The section dealing with treason in the cited penal code actually runs from Article 302 to 311. Articles 302 to 310 specify what acts constitute treason: Article 302 stating it is "to execute acts that tend directly to impair the territorial integrity of the Republic, to subject it totally or partially to foreign dominion, to compromise its sovereignty, or attack the unity of the State".

Where the public prosecutor defines sovereignty as "exercised in this country by representation in conformity with the constitutional norms established", we find no such definition in either the constitution Article 2, nor the cited legal code.

Article 303 adds to the definition of treason serving in armed forces or taking part in military action against the country and Article 304 specifies additional bases for punishment if during the military action part of the national territory, troops, military material, food, or crops, or other things necessary for the defense of the State falls into enemy hands.

Article 305 defines provoking hostilities against Honduras as treason; Article 306 defines as treason anyone who, charged with carrying out affairs of state with another country, acts disloyally; Article 307 sanctions for treason anyone divulging state secrets; Article 308 defines drawing plans of military installations or entering military installations with that intention without being authorized; Article 309 sanctions anyone removing markers of the frontiers; and finally, Article 310 defines as treason inducing troops to desert or serve the enemy in time of war. Article 310-B defines acquiring Honduran citizenship by any illegal means as treason.

Comparing these defined forms of treason to the "crime" of calling a poll makes it clear how far removed the actual deeds for which President Zelaya was being pursued are from any of forms of treason recognized under Honduran law.

Even more interesting than the partial citation of the penal code on treason is the partial citation of Constitution Article 2. What was left out was the following:
La soberanía del Pueblo podrá también ejercerse de manera directa, a través del Plebiscito y el Referendo.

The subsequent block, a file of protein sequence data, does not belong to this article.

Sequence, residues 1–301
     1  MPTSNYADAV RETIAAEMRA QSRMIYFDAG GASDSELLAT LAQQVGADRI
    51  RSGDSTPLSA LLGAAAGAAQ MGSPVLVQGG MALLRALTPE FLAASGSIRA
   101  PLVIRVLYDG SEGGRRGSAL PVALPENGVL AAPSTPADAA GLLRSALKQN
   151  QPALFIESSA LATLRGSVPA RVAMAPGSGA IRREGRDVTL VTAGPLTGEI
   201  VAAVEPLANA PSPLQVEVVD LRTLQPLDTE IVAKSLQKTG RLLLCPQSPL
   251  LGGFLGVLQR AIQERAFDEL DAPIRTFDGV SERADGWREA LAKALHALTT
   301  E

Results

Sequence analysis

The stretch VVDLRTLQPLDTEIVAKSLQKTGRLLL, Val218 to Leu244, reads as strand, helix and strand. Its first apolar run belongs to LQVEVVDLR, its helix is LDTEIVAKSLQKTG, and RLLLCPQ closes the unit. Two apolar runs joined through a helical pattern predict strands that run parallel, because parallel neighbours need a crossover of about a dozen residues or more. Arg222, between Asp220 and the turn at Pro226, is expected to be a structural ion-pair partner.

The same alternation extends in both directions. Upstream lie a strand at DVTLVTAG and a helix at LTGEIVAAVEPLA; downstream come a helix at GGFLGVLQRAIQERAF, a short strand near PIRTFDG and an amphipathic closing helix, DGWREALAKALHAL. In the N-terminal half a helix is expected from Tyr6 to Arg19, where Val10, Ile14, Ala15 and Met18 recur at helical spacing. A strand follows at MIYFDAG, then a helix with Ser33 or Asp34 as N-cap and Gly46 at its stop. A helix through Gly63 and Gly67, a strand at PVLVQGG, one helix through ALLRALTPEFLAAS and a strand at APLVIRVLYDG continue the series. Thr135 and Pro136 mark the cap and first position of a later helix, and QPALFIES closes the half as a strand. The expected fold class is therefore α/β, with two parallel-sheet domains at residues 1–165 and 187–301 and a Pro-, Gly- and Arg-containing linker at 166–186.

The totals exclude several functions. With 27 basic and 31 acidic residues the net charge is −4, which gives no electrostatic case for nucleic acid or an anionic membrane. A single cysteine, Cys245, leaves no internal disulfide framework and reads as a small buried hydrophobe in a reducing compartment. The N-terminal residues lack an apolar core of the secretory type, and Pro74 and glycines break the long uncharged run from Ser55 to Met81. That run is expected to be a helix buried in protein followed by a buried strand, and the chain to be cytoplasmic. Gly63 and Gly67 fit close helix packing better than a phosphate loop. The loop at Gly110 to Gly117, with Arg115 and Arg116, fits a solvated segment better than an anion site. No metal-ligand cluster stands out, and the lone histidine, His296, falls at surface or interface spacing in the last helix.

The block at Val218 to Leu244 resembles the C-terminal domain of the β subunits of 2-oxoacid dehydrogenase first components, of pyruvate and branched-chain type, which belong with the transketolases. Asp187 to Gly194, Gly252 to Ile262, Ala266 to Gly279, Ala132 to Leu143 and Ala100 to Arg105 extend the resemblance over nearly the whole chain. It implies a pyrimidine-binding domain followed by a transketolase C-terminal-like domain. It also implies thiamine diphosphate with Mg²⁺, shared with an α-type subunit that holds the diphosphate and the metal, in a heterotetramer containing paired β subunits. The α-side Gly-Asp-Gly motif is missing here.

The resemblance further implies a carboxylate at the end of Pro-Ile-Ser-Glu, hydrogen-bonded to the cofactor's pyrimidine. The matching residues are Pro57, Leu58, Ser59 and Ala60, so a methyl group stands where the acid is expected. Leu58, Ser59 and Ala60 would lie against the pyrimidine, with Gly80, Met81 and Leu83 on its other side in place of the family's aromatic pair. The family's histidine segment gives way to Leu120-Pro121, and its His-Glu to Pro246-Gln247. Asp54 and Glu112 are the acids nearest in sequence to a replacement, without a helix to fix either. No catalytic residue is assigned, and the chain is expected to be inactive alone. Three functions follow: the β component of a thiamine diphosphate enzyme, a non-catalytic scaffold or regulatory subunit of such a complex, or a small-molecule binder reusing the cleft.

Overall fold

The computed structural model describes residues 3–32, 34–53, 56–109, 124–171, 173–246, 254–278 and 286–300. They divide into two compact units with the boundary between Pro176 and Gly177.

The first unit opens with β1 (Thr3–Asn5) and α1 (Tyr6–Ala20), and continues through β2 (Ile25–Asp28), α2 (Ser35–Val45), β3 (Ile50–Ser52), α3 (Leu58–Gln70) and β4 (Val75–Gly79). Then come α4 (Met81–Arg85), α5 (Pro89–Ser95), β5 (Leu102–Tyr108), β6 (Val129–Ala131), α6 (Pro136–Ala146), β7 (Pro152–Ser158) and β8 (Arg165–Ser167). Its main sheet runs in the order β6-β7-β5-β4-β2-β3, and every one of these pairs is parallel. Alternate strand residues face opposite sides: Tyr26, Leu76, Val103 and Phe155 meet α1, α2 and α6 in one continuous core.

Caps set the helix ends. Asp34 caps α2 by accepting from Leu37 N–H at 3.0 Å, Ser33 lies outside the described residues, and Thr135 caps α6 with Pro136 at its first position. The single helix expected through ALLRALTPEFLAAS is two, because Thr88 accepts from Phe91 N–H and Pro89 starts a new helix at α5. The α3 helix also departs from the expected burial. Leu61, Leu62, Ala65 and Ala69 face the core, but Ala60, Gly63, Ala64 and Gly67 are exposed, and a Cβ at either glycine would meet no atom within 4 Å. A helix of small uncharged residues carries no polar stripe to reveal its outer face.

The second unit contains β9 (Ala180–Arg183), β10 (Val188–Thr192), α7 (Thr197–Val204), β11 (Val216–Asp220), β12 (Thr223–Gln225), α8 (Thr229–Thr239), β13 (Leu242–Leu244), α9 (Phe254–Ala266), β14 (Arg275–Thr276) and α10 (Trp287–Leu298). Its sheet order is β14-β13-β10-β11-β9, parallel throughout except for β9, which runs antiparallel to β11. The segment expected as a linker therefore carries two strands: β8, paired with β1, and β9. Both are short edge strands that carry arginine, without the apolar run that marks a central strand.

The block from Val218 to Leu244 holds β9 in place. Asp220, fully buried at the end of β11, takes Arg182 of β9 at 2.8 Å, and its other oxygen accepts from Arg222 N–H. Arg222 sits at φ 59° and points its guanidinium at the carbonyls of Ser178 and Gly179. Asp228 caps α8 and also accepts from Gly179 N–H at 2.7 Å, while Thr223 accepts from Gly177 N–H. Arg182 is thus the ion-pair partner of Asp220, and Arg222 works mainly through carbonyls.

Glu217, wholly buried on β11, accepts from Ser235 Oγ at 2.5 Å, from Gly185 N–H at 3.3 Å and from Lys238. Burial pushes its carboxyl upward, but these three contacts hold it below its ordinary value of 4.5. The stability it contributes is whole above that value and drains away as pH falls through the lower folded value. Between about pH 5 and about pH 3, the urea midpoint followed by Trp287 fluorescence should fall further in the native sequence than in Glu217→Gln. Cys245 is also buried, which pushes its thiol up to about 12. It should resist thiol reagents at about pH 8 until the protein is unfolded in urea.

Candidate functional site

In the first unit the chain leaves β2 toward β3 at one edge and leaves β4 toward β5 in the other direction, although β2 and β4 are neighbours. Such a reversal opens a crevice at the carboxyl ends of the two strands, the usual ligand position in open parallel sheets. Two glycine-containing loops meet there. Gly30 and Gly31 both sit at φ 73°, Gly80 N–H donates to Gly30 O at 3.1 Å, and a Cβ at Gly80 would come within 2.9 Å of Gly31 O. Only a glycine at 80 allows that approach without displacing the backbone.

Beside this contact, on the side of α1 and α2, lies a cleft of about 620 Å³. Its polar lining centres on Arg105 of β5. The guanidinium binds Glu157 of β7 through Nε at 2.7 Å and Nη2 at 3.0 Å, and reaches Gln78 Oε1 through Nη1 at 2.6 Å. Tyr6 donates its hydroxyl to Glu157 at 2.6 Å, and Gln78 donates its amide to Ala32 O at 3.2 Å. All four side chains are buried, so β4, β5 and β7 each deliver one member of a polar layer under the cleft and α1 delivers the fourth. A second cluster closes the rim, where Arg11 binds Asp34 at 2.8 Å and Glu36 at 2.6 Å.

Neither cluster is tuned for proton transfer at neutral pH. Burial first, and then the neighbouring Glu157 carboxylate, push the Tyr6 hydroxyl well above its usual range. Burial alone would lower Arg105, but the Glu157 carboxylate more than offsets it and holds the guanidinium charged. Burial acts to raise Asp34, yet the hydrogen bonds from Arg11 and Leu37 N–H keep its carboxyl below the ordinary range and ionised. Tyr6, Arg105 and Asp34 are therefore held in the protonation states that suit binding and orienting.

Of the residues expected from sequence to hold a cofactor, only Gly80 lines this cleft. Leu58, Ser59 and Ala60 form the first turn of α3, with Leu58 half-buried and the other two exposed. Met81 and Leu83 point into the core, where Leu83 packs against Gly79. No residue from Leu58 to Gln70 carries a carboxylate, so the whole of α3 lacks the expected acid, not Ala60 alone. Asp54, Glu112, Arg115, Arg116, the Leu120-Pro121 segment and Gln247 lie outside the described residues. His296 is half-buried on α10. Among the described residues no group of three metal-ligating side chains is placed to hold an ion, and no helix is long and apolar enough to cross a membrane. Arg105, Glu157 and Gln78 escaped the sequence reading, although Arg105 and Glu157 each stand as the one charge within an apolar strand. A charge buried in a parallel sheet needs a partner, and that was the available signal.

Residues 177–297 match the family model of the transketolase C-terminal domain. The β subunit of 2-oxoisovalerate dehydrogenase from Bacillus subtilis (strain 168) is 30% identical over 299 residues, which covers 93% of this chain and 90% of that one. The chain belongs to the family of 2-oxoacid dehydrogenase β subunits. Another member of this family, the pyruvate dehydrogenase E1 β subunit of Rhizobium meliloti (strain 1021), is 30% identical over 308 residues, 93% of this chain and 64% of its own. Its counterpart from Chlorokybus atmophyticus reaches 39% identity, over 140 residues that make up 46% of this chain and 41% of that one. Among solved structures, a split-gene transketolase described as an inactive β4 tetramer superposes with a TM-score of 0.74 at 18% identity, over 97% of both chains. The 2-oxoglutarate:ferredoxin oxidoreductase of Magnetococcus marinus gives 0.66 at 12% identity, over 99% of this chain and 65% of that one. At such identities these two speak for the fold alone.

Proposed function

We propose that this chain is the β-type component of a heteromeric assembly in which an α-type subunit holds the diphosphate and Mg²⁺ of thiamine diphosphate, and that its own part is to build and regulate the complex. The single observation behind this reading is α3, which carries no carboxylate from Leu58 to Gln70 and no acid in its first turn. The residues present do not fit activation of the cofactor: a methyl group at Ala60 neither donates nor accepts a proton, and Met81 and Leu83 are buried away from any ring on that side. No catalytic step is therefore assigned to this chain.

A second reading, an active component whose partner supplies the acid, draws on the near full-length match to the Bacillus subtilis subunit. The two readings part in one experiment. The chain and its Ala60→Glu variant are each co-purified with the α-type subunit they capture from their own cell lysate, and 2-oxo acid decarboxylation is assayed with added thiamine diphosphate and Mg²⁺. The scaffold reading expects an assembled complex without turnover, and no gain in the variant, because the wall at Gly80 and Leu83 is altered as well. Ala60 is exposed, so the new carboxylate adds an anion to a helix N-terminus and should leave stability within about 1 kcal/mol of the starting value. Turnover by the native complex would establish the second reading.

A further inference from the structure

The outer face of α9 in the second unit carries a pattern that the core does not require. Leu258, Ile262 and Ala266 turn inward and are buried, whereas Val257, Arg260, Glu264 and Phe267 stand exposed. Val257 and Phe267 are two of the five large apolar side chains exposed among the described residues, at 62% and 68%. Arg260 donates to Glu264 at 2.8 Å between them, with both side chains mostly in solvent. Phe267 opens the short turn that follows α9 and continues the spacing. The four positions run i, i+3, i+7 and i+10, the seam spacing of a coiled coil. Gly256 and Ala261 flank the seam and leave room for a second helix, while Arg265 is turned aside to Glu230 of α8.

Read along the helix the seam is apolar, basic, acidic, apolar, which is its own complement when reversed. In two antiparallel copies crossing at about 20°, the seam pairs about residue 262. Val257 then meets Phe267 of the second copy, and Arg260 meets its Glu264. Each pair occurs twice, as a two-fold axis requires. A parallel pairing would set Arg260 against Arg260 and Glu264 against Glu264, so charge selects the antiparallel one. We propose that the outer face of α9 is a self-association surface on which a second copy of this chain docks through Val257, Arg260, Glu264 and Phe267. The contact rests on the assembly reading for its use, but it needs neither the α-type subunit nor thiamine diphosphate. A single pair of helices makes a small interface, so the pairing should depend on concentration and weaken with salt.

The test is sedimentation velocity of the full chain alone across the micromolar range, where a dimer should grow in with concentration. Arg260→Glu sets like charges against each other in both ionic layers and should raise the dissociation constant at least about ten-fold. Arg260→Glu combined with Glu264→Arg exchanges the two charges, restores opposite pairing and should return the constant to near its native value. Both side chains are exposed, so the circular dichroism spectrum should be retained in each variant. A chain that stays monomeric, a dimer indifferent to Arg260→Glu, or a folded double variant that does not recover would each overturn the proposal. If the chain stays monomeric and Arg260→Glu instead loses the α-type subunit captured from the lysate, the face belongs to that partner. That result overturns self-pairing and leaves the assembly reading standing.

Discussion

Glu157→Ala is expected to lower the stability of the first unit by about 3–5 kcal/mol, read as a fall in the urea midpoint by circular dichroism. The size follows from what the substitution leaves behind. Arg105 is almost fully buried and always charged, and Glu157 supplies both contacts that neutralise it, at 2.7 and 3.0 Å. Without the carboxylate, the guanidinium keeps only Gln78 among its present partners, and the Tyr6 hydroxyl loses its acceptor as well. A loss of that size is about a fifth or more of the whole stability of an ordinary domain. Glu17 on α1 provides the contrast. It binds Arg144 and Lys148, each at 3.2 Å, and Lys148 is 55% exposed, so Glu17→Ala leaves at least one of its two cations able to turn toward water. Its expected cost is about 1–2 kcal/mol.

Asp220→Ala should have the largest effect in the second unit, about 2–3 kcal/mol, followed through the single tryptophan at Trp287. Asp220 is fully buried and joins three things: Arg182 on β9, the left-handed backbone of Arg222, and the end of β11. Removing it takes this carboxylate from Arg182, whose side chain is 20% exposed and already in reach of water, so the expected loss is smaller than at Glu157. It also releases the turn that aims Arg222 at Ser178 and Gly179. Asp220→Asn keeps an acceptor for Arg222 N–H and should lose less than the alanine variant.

The sovereignty of the people can also be exercised in a direct manner, by means of the plebiscite and the referendum
By leaving this clause out, the complaint gives the impression that the only constitutional form of government is the institutions that represent the people. This supports the otherwise weak argument that the proposed poll was inherently treasonous by asking the opinion of the people, instead of simply supporting the existing process of amendment of the constitution that is monopolized by the National Congress.

The main argument made for this interpretation starts by saying that President Zelaya supplanted popular sovereignty when he "convened the Honduran citizenry to participate in a popular opinion survey". He violated popular sovereignty by proposing to consult the sovereign people.

The argument proceeds
In this sense, the act of convening a National Constitutional Assembly, is evident that with the same it is intended to abolish the present Constitution, an action constituting the offense that concerns us [treason] in regard to that disposed in articles 373, 374 and 375 of our Constitution, does not lose its effectiveness and nor ceases to apply and cannot be the object of any modification, whether for any other means and proceeding distinct from that which is outlined in it; in consequence, under no circumstance can a new constitution be dictated and approved because that would bring with it the reform of the stone articles, the same that cannot be reformed in any case.